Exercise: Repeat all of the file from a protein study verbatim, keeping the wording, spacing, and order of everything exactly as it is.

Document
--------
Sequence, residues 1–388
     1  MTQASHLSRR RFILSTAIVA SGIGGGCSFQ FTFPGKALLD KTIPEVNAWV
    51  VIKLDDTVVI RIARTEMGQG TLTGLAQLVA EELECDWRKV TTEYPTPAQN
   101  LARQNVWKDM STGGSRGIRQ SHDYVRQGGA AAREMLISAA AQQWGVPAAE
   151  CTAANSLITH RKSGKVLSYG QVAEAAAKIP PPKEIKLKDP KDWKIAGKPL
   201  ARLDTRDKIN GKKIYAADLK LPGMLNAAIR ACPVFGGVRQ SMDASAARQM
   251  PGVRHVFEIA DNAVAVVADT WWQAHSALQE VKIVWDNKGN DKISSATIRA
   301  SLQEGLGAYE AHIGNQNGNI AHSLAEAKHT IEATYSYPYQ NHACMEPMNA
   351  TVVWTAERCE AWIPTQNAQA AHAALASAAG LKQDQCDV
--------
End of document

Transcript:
Sequence, residues 1–388
     1  MTQASHLSRR RFILSTAIVA SGIGGGCSFQ FTFPGKALLD KTIPEVNAWV
    51  VIKLDDTVVI RIARTEMGQG TLTGLAQLVA EELECDWRKV TTEYPTPAQN
   101  LARQNVWKDM STGGSRGIRQ SHDYVRQGGA AAREMLISAA AQQWGVPAAE
   151  CTAANSLITH RKSGKVLSYG QVAEAAAKIP PPKEIKLKDP KDWKIAGKPL
   201  ARLDTRDKIN GKKIYAADLK LPGMLNAAIR ACPVFGGVRQ SMDASAARQM
   251  PGVRHVFEIA DNAVAVVADT WWQAHSALQE VKIVWDNKGN DKISSATIRA
   301  SLQEGLGAYE AHIGNQNGNI AHSLAEAKHT IEATYSYPYQ NHACMEPMNA
   351  TVVWTAERCE AWIPTQNAQA AHAALASAAG LKQDQCDV